Limitations of the Knee Society Score in Evaluating Outcomes Following Revision Total Knee Arthroplasty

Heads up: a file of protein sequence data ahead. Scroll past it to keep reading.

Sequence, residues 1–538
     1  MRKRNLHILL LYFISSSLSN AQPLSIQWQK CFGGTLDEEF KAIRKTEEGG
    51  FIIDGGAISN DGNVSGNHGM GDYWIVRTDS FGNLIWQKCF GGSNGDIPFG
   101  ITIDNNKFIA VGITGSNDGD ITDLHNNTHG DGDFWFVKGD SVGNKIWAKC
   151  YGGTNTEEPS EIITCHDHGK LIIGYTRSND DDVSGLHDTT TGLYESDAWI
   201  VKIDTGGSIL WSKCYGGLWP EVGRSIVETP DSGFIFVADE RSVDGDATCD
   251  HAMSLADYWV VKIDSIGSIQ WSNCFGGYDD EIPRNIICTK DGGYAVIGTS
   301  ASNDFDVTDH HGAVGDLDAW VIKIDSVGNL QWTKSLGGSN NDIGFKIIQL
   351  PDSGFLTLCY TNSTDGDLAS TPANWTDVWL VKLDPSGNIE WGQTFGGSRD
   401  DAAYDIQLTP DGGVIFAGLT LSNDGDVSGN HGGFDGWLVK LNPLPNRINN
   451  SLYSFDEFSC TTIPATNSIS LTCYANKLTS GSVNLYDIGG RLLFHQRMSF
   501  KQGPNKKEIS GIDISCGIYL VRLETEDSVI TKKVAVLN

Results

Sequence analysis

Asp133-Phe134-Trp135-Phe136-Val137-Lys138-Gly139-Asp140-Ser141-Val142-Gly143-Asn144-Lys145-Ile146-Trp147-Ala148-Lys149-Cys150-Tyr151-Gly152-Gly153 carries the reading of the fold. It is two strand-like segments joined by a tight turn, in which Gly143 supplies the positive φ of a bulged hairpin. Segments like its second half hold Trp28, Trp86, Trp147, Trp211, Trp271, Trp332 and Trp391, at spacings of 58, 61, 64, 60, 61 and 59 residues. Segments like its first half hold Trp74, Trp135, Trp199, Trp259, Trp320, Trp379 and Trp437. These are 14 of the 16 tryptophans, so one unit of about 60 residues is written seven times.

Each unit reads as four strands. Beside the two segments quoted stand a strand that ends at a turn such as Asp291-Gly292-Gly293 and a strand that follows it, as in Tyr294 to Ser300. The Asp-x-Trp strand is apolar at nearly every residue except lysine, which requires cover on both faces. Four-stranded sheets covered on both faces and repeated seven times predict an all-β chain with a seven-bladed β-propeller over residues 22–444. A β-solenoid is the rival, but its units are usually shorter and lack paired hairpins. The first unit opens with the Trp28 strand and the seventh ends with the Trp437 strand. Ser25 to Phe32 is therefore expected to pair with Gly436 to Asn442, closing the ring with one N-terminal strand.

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Background:Traditionally, the results of revision total knee arthroplasty have been determined with use of surgeon-based measures such as the Knee Society rating system. Recently, outcome and quality-of-life measures have shifted toward a greater emphasis on patient-based evaluation. The aim of our study was to determine the validity and responsiveness of the Knee Society rating system compared with the Short Form-36 health survey (SF-36), Western Ontario and McMaster Universities Osteoarthritis Index (WOMAC), and a four-question 4-point Likert scale satisfaction questionnaire following revision total knee arthroplasty.Methods:A total of 152 patients underwent revision total knee arthroplasty at our institution, between August 2003 and January 2007, and had a two-year follow-up evaluation after revision surgery. The SF-36, WOMAC, Knee Society rating system, and satisfaction scores were completed preoperatively and postoperatively. Spearman correlation coefficients were calculated to determine the degree of correlation for each outcome scale. The SF-36, WOMAC, and patient satisfaction were correlated with the Knee Society rating system.Results:Both before and after surgery, the correlation among items of the Knee Society rating system displayed low to negligible levels of association. The Knee Society rating system pain score showed modest levels of convergent construct validity with the WOMAC and SF-36. However, the Knee Society functional score displayed negligible to low correlation with its WOMAC functional counterpart preoperatively. The Knee Society pain and functional scores, respectively, showed marked and moderate association with satisfaction. The change in the Knee Society pain and functional scores had moderate association with the SF-36 and WOMAC counterparts, except low correlation was displayed between the pain scores for the Knee Society rating system and the SF-36. The Knee Society rating system pain score was found to be the most responsive of the measures with a standardized response mean of 1.6, whereas the Knee Society rating system functional score was found to be the least responsive at 0.7.Conclusions:Currently, there is no so-called gold standard that optimally reflects the status of the knee, as well as the patient, prior to and following revision total knee arthroplasty. Ideally, numerous assessment scales should be administered to the patient in order to accurately reflect the patient characteristics for the purpose of academic study, but from a practical standpoint, this may not be feasible. We encourage further research and development of a simple and concise standardized questionnaire for use before and after revision total knee arthroplasty.

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